The sculpture in Sackville Park, Manchester: Part 2
This page shows my pictures of the unveiling of the Alan Turing sculpture on 23 June 2001. You should refer to the home page of the project, written by the sculptor, Glyn Hughes, for more information about it. (I should emphasise that I was not involved in the project myself.) Go back to the
previous page for my pictures of the setting in central Manchester.
This is Richard Humphrys, project administrator, starting proceedings at noon.
In the foreground you can see the veiled sculpture, which we learned had been cast in a Chinese foundry.
The next speaker, Pat Karney, a Manchester City Councillor, called us an 'exotic' crowd. Perhaps this was because some splendid Sisters of Perpetual Indulgence were attending in full regalia. I was reminded of Alan Turing's interest in the theological concept of Total Depravity.
I have no responsibility for these identikit boyz.
|Manchester City Council had granted £2500 to the project and a further £1000 for the occasion, as well as planning permission. The other large donor was the British Society for the History of Mathematics. Dr J. V. Field, former president of the Society, was the next speaker. |
Judith Field nobly explained the Entscheidungsproblem to the crowd with great élan. This left me with the comparatively easy task of describing the rest of Alan Turing's work. I ended on a democratic note, reminding everyone that Alan Turing's 1952 boyfriend, a local Manchester lad, had also had his life wrecked by the law; they were just two amidst the myriad victims of this twentieth-century persecution. I said that the sculpture was a solid symbol that this was over for good, which was perhaps a bit optimistic.
|Judith Field and I each took a side of the covering veil and drew it back to reveal ...
||The sculptor, Glyn Hughes, then talked about its symbolism. His webpage shows a collage of many details of the work.|
Glyn's pose by his sculpture makes his Alan Turing look rather small... and not quite a world-class marathon runner... But I'm not sure what realism really means... you must judge reality from your own imagination.
We all mingled. Here's Mike Yates, who has just finished editing the Turing Collected Works. He used to be Professor in Manchester. Unfortunately I didn't get his partner Pat in the picture, but ...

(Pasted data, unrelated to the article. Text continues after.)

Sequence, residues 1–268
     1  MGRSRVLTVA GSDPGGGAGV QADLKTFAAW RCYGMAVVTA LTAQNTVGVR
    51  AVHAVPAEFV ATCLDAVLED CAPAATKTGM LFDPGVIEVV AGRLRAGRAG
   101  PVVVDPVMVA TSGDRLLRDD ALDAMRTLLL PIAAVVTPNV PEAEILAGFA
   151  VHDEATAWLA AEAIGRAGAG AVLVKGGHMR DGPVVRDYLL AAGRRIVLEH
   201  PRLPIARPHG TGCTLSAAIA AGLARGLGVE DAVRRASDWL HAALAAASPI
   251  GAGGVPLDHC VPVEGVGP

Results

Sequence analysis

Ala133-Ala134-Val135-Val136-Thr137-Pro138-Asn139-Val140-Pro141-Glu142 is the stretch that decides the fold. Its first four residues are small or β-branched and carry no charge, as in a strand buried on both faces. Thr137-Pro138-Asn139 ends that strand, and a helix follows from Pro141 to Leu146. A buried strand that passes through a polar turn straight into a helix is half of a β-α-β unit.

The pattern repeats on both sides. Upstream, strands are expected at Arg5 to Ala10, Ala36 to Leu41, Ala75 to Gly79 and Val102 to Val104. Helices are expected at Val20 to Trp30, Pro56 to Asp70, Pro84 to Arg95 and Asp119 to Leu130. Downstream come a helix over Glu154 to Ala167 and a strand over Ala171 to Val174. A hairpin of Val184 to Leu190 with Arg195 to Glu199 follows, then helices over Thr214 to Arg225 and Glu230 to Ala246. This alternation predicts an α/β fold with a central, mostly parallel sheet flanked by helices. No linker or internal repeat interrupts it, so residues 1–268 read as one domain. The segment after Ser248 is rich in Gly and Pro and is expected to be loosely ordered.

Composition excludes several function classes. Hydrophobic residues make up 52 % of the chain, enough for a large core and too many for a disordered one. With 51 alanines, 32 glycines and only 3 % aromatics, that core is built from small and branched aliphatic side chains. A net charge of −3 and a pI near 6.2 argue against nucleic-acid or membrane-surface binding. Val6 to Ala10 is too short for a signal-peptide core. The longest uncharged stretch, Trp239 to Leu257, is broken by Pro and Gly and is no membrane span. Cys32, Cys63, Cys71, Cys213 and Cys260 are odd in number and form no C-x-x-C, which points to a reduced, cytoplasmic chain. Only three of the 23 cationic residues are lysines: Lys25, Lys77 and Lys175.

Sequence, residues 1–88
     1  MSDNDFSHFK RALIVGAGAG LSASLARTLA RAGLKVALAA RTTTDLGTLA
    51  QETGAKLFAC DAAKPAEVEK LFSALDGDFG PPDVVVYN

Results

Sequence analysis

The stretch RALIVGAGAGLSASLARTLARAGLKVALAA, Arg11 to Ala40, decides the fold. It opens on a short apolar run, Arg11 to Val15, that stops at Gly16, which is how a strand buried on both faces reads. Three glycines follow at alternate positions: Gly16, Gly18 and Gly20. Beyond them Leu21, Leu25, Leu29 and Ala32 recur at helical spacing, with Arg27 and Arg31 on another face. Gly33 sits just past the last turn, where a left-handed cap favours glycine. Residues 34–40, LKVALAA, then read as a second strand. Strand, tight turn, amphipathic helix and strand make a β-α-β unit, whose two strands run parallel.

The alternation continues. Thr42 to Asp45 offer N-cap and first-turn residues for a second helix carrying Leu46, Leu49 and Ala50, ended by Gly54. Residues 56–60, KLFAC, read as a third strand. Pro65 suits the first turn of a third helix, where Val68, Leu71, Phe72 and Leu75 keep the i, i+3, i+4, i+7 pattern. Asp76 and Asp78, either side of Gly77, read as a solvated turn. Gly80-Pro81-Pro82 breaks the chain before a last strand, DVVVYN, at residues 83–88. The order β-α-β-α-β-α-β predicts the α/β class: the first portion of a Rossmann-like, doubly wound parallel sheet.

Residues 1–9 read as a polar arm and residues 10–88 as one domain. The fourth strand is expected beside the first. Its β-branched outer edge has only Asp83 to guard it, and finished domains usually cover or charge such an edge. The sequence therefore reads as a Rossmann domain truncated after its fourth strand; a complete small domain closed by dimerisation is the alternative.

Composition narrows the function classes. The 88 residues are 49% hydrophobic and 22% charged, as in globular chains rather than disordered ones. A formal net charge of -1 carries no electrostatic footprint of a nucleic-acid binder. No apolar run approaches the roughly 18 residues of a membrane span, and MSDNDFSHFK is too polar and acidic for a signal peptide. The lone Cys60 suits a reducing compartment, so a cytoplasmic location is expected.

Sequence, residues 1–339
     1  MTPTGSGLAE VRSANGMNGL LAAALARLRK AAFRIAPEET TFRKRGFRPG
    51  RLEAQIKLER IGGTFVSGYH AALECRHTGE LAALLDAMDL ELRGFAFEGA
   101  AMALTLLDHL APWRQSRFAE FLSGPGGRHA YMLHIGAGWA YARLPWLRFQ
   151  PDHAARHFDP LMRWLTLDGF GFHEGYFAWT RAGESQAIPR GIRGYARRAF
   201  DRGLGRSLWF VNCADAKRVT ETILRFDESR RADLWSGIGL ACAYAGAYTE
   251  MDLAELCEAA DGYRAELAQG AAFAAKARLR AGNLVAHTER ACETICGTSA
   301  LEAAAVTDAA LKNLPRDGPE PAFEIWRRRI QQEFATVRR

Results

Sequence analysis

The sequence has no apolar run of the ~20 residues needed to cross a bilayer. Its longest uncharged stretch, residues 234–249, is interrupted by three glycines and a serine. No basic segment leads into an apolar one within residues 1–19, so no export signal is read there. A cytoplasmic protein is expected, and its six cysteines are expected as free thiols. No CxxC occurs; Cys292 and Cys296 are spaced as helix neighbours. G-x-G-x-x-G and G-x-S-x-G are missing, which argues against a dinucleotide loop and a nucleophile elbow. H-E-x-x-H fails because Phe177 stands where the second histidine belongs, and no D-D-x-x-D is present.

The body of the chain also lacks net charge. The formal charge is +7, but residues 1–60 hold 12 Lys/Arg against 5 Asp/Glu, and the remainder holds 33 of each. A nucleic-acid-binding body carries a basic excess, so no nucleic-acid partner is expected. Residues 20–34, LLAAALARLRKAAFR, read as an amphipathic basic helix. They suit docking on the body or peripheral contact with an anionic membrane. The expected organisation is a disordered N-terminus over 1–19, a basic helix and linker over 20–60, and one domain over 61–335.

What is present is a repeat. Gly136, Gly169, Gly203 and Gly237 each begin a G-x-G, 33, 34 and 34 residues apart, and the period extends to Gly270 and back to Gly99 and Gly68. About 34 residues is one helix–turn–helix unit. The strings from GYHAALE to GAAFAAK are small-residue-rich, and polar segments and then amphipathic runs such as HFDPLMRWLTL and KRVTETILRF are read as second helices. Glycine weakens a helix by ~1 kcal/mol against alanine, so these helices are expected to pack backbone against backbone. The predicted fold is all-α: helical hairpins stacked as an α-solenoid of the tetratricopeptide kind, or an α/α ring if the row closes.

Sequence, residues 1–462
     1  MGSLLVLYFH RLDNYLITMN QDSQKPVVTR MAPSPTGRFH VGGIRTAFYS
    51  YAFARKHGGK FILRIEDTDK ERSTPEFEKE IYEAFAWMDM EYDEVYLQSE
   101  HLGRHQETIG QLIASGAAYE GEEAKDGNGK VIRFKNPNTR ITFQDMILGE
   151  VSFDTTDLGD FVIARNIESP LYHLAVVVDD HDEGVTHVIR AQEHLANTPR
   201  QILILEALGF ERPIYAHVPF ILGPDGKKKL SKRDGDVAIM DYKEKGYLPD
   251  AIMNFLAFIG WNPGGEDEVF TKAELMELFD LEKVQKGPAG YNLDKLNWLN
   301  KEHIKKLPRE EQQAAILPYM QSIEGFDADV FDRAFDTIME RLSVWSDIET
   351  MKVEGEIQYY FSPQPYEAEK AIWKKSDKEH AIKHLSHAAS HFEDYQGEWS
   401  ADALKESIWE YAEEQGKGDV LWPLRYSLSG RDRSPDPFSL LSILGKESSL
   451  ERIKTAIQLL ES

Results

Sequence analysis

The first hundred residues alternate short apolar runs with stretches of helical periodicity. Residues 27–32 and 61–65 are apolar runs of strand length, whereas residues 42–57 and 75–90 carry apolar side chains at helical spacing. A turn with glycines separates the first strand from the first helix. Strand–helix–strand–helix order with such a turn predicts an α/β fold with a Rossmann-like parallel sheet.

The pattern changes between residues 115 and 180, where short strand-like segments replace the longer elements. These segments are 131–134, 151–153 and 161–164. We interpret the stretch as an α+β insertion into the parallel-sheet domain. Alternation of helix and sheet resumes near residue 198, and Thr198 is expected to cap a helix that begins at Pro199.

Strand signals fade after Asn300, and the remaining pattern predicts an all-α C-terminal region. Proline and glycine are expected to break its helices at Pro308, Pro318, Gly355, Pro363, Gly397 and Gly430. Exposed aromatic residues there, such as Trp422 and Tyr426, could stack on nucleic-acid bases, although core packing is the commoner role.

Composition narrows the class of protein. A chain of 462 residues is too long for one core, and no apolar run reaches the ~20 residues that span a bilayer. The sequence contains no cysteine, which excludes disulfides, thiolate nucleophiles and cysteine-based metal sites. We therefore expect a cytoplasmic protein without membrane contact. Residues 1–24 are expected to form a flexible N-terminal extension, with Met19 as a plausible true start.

...she insisted on my posing as she took this photo. Again I felt a smaller-than-life Alan Turing. I couldn't sense the bristly athlete, the mercurial hilarity and gloom, the irreverent wit, the undiplomatic observations... but I guess it's not easy to turn these into hardware.
Canal of Communication...
Crossing the road, we joined the reception in the chic Metz cafe. My foreground has caught (on the right) Glyn Hughes, Judith Field, and Richard Humphrys. But there was an extended web of other people to meet: Russian logicians from UMIST who talked to me of Solzhenitsyn, Celia Bonner who had recently produced Breaking the Code in the town of Wilmslow where Alan Turing lived... and many people who I had met only in cyberspace.
In the top left corner you see the Rembrandt pub on Canal Street; this I believe goes back to Alan Turing's time as a gay pub. I don't know whether Alan Turing was really a pub-goer, as writers for the gay-scene papers rather assumed in their generally excellent pieces about the occasion. But never mind, I'm sure he'd have emitted a piercing laugh of delight at the thought that one day he'd be featured amongst clubbing pics of lads having a good time in meatspace.
This is Jon Agar of the national archive of computing in Manchester, who has just produced a new short Turing book. We had a long talk related to my Manchester webpage debate, and much else about technology and politics then and now.
We went on to the Manto bar in Canal Street. Before I went back to Oxford I took another picture of the park, now with its figure perched on the bench... it's strange to think that this solid bronze has been launched on a cruise into the unknown century ahead...
Looking forward, looking back
The glowing red metal is a fine counterpart to its setting. Bars hotels and loft-dwellers around Canal Street have put new life into the palatial red stone and brick of the unique commercial architecture, headquarters of British manufacturing in the heyday of the Empire. Alan Turing was far ahead of his time, as I emphasised, and this re-invention of urban life makes a good setting in which to project his futurism.
Jon Agar and I had both noticed in the day's news that the name of ICL, the computer manufacturing company which absorbed all the early British developments, had finally been dumped by its Japanese buyers. This marks the very end of Alan Turing's Manchester: a hard world of heavy industry, which largely failed to grasp the importance of software. Modern Manchester has tried to find a new economic role, and perhaps can now appreciate what Alan Turing offered.
But a bleaker reflection is prompted by the fact that summer 2001 also saw vicious and bloody strife in towns across northern England. Ethnic hatreds and resentments exploded amongst those excluded from participating in this new economy. Economic class division lay behind Alan Turing's Manchester crisis, whilst the divide-and-rule policy of British India lay behind his birth and upbringing. Even the inventor of cyberspace could not escape the basic problems of the body politic, as alive now as ever. In my words I called him the most effective anti-fascist individual of the twentieth century, and I hope his image will contribute something to countering the incipient fascism of the twenty-first.
More photographs and reflections by Dr Richard Wallace of the A.L.I.C.E. AI Foundation